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Proving A Point

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Dr Ir Abdul Naser Abdul Ghani, Universiti Sains Malaysia.

Question and answer session.

Text Lawrence Julius

This time, at the fifth installment of the conference held on 12 April 2011 at the INSPEN center, discussions on the usage of Multiple Regression Model (MRA) for appraisals were raised, and the little of known MSMA guideline, among other topics. Present to officiate the conference was Y Bhg Dato’ Abdullah Thalith bin Md Thani, Director General of the Valuation and Property Services Department, Ministry of Finance Malaysia.

A title of much attention was The Impact of MSMA on Construction Costs – Small Scale Development. The research was conducted and presented by Dr Ir Abdul Naser Abdul Ghani from Universiti Sains Malaysia. The Manual Saliran Mesra Alam (MSMA) is a guideline approved by the government to help achieve a sustainable storm water management system solution, introduced by the Drainage and Irrigation Department Malaysia in 2002. Although the guideline was initially expected to be fully implemented 10 years after the point of approval, many are still in the dark about the procedures and even the existence of such guideline.

The MSMA is another “green” approach that developers may want to incorporate in their design to retain and/or dispose of storm water. From underground tanks to perimeter swales, the focus is to contain water from flowing too fast. To make it simple to understand, conventional drainage systems will continuously flow water to the collection point, causing floods at locations somewhere down the network. Should the MSMA system be implemented, storm water is “controlled” using various techniques to release water slowly down the network to prevent flooding due to overflow. This is one of the main points of the MSMA guideline and is certainly a good new sustainable effort developers should consider. Other countries like the United States, Australia, United Kingdom and China have all implemented their own version of the MSMA guideline to good effect.

Dr Taher Buyong, a professor from Universiti Putra Malaysia, talks about Advances in Property Price Modeling. This research highlights the limitations of the MRA model used in trend today when it comes to appraisals. According to him, the MRA model ignores spatial dependence and spatial heterogeneity. These are simply two inherent effects in property data. When these effects are ignored, it leads to a biased estimate of property value. In his presentation, Dr Taher highlights other models that has improved on the MRA, which can be grouped into three; spatial models, local models and geostatistical models.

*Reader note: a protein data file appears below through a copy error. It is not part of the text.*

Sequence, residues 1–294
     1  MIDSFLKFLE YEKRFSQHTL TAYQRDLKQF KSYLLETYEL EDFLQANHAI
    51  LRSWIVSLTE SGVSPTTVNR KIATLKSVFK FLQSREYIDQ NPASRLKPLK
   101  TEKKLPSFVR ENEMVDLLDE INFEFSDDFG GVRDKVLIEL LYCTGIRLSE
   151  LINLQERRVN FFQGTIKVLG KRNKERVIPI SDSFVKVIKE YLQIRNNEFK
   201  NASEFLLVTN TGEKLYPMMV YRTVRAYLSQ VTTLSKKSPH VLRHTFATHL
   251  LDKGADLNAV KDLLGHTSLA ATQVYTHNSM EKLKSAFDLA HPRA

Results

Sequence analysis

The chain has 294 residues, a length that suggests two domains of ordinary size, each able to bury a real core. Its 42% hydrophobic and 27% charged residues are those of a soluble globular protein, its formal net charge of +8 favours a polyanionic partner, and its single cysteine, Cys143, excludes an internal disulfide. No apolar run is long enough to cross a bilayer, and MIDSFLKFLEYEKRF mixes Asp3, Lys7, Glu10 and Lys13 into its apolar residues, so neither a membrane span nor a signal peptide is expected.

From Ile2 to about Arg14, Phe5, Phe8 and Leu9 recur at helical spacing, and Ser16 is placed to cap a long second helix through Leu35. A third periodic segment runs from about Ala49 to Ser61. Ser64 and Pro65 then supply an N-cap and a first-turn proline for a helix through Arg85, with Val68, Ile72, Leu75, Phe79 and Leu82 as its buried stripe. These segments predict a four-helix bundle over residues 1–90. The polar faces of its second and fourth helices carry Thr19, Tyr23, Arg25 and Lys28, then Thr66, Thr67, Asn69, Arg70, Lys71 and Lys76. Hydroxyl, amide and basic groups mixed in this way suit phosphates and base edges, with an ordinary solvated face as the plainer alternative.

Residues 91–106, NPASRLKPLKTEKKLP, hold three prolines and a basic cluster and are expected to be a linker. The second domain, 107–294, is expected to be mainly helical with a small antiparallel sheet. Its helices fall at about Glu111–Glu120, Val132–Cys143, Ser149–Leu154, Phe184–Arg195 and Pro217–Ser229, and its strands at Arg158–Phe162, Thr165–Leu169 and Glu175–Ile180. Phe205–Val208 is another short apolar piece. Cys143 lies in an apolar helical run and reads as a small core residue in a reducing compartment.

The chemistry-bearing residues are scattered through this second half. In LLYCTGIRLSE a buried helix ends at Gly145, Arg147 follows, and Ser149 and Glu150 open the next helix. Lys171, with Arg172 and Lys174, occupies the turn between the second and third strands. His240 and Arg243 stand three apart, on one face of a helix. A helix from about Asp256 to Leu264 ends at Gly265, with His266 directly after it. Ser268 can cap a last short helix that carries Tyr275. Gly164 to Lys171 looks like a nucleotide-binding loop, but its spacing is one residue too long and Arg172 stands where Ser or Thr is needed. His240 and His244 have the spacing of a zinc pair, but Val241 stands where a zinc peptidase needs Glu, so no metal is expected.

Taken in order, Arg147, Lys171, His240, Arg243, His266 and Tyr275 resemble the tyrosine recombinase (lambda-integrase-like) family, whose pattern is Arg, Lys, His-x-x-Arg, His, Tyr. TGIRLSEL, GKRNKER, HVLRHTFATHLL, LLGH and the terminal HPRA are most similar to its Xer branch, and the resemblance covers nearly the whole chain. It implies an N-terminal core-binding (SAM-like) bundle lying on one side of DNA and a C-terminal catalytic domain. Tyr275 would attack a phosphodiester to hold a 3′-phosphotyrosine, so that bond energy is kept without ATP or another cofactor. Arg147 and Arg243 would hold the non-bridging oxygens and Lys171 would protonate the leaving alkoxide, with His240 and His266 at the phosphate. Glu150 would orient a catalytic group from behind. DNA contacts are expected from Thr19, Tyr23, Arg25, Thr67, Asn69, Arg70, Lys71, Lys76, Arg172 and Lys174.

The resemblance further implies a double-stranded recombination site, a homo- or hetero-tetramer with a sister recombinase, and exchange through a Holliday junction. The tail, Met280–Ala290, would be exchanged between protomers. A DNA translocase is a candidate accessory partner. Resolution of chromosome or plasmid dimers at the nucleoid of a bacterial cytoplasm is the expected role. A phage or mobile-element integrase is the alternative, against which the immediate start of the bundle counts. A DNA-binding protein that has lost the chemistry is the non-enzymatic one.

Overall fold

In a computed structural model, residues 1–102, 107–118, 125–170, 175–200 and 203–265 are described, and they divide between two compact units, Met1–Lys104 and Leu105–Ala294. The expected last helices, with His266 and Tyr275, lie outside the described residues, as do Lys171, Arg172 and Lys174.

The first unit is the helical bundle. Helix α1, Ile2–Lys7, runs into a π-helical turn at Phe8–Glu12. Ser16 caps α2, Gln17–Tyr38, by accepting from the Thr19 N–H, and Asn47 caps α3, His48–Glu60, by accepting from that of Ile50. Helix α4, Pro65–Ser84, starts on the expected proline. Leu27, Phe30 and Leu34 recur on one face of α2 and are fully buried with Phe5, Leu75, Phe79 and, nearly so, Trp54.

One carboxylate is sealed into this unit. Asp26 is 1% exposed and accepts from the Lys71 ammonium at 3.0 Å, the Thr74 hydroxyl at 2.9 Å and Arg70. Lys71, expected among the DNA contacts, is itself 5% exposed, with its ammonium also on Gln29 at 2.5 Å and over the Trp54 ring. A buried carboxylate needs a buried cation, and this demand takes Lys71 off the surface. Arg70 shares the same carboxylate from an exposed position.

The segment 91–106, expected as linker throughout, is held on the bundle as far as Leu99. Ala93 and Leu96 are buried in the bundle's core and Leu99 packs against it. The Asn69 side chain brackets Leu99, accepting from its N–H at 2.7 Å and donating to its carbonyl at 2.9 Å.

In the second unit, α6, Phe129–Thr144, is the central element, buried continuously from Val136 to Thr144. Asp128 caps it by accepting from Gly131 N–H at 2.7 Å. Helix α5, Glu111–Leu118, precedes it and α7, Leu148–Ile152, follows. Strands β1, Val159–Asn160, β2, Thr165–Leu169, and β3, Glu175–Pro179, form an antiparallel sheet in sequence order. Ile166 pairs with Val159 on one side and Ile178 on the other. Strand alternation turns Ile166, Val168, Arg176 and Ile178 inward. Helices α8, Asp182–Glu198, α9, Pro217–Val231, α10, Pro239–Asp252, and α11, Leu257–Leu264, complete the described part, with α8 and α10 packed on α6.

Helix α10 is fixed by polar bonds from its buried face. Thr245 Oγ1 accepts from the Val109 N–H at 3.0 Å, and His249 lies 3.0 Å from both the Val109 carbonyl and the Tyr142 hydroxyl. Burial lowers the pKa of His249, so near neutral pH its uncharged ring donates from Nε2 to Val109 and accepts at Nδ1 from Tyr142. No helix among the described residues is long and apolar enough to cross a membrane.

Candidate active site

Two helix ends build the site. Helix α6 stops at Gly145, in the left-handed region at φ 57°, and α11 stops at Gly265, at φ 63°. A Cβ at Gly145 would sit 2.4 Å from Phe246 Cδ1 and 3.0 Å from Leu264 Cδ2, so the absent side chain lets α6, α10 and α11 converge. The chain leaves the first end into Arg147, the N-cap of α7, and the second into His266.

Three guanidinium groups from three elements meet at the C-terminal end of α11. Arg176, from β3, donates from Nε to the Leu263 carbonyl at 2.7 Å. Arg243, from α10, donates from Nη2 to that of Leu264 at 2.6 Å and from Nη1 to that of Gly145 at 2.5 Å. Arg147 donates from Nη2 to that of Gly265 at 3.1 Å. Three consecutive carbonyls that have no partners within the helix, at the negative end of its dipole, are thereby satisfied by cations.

According to Dr Taher, there is no single model that is good for all datasets. Some datasets are dominated with spatial heterogeneity where local models are relevant while there are some with no spatial effects, where the MRA model is relevant. What this means to property buyers, is the possibility of an inaccurate evaluation of their prospects with the popular MRA method. This study may prompt a better understanding for valuers more importantly, to understand the suitable usage of model when valuating property.

Puan Zahiriah Yahya and her research team from University Malaya continue the MRA discussion in Investigating the Characteristics of Problematic Residential Properties at Public Auction Sales Using MRA. This research was conducted to further understand the reasons why problematic properties are present, why it is in that state, and how to predict which properties will not do well in auctions. They characterize problematic properties as those that have not been sold after the third auction the property has gone through.

The research found the further away a property is from the city, the higher the risk for it to become problematic. Other factors that come into account other than location and amenities are site factors, building factors and cost factors and depreciation factors.  Poor road access, non-existent public transportation, unwanted site history, crime factor, poor management and vandalism are some of the focus points in this discussion. Although problematic properties in the Klang Valley are minimal compared to some of its neighboring states, the problem is still apparent. To lower the numbers, the points highlighted here could be a good place to start the fix.

The 5th NAPREC Conference certainly showed another side of property little known by the public. This is what goes on in the background – the complex analysis and test-runs, the long researching hours. We’ll always have more to learn but it plays an important role in structuring our property industry. It is to make sure we don’t hit any pot-holes, or to at least, see it coming.

National Real Estate Research Coordinator (NAPREC)
Coordinated by the National Institute of Valuation (INSPEN) under the Valuation and Property Services
Department (JPPH), Ministry of Finance Malaysia.
The Real Estate Research fund was allocated by the Malaysian government since the 8th Malaysia Plan.

NAPREC funding is available to pre-identified public real estate research organizations and institutions of higher learning.